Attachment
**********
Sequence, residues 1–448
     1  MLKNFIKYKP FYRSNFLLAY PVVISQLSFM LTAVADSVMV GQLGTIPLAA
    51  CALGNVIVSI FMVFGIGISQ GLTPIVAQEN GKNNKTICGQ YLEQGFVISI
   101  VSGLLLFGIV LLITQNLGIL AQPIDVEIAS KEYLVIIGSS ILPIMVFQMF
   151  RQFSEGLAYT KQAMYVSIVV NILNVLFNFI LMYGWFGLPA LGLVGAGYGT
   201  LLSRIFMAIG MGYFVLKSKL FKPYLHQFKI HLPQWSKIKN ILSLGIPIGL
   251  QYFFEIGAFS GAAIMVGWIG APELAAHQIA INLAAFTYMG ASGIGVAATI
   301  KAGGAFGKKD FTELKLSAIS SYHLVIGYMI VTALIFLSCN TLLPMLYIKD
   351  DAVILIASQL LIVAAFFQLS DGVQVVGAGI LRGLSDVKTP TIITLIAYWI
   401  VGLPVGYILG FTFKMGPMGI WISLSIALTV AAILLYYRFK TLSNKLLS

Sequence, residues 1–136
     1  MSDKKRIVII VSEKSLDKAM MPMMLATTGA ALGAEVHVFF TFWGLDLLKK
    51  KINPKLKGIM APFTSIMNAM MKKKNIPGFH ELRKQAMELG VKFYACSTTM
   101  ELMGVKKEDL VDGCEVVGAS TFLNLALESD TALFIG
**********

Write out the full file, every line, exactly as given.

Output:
Sequence, residues 1–448
     1  MLKNFIKYKP FYRSNFLLAY PVVISQLSFM LTAVADSVMV GQLGTIPLAA
    51  CALGNVIVSI FMVFGIGISQ GLTPIVAQEN GKNNKTICGQ YLEQGFVISI
   101  VSGLLLFGIV LLITQNLGIL AQPIDVEIAS KEYLVIIGSS ILPIMVFQMF
   151  RQFSEGLAYT KQAMYVSIVV NILNVLFNFI LMYGWFGLPA LGLVGAGYGT
   201  LLSRIFMAIG MGYFVLKSKL FKPYLHQFKI HLPQWSKIKN ILSLGIPIGL
   251  QYFFEIGAFS GAAIMVGWIG APELAAHQIA INLAAFTYMG ASGIGVAATI
   301  KAGGAFGKKD FTELKLSAIS SYHLVIGYMI VTALIFLSCN TLLPMLYIKD
   351  DAVILIASQL LIVAAFFQLS DGVQVVGAGI LRGLSDVKTP TIITLIAYWI
   401  VGLPVGYILG FTFKMGPMGI WISLSIALTV AAILLYYRFK TLSNKLLS

Sequence, residues 1–136
     1  MSDKKRIVII VSEKSLDKAM MPMMLATTGA ALGAEVHVFF TFWGLDLLKK
    51  KINPKLKGIM APFTSIMNAM MKKKNIPGFH ELRKQAMELG VKFYACSTTM
   101  ELMGVKKEDL VDGCEVVGAS TFLNLALESD TALFIG